Two recent papers address the issue of environmental policy for mining. A paper by White, Doole, Pannell and Florec in the Australian Journal of Agricultural and Resource Economics reviews the current policy in Australia, which is based on environmental bonds, and proposes an alternative policy the damaged land tax (DLT).
The problem with bonds is that they only provide funds when the firm is non-compliant (usually when it has gone bust). The alternative DLT generates funds and acts as an incentive for firms to plan their rehabilitation as part of the mining plan. Online library.
An important and neglected, aspect of environmental policy for mines is the social cost of environmental damage. In a recent paper by Burton, Zahedi and White in Resources Policy estimates people's values in terms of the quality and timeliness of mining rehabilitation in WA. In short the preference is for in situ rehabilitation of native vegetation that also restores habitat for charismatic fauna such as red-tailed black cockatoos. Science Direct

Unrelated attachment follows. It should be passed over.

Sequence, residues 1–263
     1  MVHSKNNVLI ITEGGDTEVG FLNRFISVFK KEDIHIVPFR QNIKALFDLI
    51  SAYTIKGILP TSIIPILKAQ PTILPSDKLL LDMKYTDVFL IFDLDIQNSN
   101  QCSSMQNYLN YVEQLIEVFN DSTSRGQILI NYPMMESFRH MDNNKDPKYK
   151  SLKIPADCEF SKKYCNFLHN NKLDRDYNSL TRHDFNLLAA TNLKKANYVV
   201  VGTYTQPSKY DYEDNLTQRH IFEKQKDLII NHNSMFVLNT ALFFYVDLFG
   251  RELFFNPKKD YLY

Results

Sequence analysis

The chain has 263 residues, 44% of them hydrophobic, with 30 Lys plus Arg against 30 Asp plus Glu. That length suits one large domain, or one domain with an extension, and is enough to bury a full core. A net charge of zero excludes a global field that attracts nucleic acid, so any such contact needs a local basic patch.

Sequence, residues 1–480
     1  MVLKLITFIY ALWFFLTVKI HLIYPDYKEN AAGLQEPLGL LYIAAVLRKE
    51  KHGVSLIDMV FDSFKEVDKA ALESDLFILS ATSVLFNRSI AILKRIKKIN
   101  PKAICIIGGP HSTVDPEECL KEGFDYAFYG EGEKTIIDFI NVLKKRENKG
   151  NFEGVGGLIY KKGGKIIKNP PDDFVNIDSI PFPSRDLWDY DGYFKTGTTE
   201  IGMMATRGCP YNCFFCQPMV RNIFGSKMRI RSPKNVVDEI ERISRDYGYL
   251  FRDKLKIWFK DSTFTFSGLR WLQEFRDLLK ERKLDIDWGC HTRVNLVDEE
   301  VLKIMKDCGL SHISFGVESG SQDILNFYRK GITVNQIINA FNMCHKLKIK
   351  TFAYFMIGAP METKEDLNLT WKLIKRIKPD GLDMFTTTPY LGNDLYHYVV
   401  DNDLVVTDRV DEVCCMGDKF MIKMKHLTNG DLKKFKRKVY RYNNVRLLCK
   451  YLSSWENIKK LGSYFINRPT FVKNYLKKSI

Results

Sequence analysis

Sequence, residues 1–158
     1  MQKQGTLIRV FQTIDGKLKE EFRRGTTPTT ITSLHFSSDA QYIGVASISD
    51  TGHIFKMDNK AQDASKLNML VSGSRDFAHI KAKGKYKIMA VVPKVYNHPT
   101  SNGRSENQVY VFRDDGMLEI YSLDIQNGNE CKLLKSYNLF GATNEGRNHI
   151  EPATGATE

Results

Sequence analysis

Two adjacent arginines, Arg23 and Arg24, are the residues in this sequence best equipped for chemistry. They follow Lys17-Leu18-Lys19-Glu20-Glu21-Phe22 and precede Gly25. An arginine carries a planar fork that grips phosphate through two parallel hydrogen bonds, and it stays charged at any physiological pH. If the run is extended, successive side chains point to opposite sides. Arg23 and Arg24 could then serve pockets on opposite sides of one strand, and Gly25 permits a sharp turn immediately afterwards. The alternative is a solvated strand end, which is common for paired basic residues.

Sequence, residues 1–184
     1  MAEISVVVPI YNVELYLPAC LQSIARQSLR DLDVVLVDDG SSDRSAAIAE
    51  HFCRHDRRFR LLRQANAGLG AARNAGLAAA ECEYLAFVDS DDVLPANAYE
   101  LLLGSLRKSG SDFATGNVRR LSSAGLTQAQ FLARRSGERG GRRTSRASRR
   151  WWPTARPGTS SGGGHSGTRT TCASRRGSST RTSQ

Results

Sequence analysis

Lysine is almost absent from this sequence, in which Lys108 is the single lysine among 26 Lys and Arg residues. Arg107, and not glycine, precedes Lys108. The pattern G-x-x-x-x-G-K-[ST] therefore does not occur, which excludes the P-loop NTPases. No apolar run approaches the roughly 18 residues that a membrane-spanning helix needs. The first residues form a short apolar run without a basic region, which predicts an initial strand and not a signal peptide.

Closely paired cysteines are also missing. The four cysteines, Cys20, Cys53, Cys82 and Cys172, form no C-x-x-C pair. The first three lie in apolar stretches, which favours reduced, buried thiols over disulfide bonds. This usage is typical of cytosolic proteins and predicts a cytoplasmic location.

As the mining boom continues there will be an increased need for effective and efficient environmental policies. These papers propose new approaches to address a problem that will come to the fore as the current mines start to close and the full environmental costs of mining become more apparent.
Professor Ben White (School of Agricultural and Resource Economics) (+61 8) 6488 3409